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Mexican Wine: the Great Unknown

Mexican Wine: the Great Unknown

Posted by Juan Gavasa on February 14, 2015

Wine isn’t the first alcoholic beverage that comes to mind when one mentions Mexico. From what most can remember of their Mexico trip, they definitely have enough tequila to drown a small country and rarely does one see a glass of wine. Massive frozen margaritas or mojitos with a little umbrella were the norm and Mexican wine was never even uttered.

But now, one of the newest and most interesting wine regions in the Americas can be found in Baja California’s Valle de Guadalupe, with nearly 100 wineries hidden in a valley strategically placed so that the climate is similar to the Mediterranean. These Mexico-based vineyards have proven that they are capable of producing exciting artisan wines. And best of all, it is only a two-hour drive south of San Diego.

The Baja climate could not be better for grapes. During the summers, the weather is hot, sunny and dry with breezes from the nearby Pacific Ocean moderating temperatures while winters are wet and cool. The soil is so porous, rain water and moisture are absorbed as if by a sponge.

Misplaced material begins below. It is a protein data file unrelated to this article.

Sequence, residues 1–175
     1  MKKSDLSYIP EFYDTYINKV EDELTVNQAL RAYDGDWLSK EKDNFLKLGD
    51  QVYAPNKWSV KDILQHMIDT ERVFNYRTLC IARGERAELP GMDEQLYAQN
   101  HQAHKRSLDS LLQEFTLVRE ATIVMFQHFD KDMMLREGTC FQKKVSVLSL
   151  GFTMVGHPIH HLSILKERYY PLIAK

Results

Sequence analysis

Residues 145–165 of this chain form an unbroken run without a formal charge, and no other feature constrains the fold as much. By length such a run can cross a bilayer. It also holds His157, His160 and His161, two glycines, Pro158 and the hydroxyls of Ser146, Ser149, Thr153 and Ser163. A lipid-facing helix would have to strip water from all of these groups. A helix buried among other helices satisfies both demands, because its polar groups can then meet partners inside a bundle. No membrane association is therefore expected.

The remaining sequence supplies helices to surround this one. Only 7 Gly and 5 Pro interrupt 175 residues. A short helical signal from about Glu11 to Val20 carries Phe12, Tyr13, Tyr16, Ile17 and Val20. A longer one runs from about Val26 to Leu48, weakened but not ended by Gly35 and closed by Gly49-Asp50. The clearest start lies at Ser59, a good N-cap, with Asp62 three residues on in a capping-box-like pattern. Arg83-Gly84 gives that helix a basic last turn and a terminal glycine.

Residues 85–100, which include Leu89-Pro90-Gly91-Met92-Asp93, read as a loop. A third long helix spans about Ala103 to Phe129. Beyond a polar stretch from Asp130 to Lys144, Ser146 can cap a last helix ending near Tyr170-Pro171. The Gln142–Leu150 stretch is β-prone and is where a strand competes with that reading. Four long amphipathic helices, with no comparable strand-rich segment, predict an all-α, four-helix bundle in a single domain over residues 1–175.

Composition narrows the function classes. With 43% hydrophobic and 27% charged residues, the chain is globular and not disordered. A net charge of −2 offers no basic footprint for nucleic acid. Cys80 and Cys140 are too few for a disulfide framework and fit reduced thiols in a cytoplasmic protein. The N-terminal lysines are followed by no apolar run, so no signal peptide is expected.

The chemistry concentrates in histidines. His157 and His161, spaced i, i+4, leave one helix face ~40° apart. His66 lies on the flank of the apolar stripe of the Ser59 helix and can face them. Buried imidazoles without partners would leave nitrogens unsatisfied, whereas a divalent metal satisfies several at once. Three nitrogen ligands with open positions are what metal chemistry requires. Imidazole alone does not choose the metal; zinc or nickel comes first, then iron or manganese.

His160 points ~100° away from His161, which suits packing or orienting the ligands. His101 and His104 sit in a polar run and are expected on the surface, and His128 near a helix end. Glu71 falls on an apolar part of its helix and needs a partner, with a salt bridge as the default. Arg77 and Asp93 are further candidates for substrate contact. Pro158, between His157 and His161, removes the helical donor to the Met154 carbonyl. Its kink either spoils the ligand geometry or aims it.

These Mexico-based vineyards have proven that they are capable of producing exciting artisan wines.

The valley has quite the interesting mix of wineries, anything from small mom-and-pop vineyards to larger operations, most launched in the past decade. Resort and winery Encuentro Guadalupe has 20 modern, eco-friendly bungalows called “pods” spaced out along the hillside, according to the Mother Nature Network.

People are starting to come to Valle de Guadalupe as a less expensive alternative to Napa, Sonoma and other north-of-the-border wine destinations. This increase in income has brought tourism dollars and led to upgrades like new roads while local culture has remained authentic and rarely, if ever, changes.

Thanks to its moderate climate, Guadalupe is a year-round destination. Only once each year do the crowds reach levels like Napa. At least 20,000 visitors descend on the valley each August for Fiestas de la Vendimia, the annual harvest celebration that most area vineyards and artisan producers participate in.

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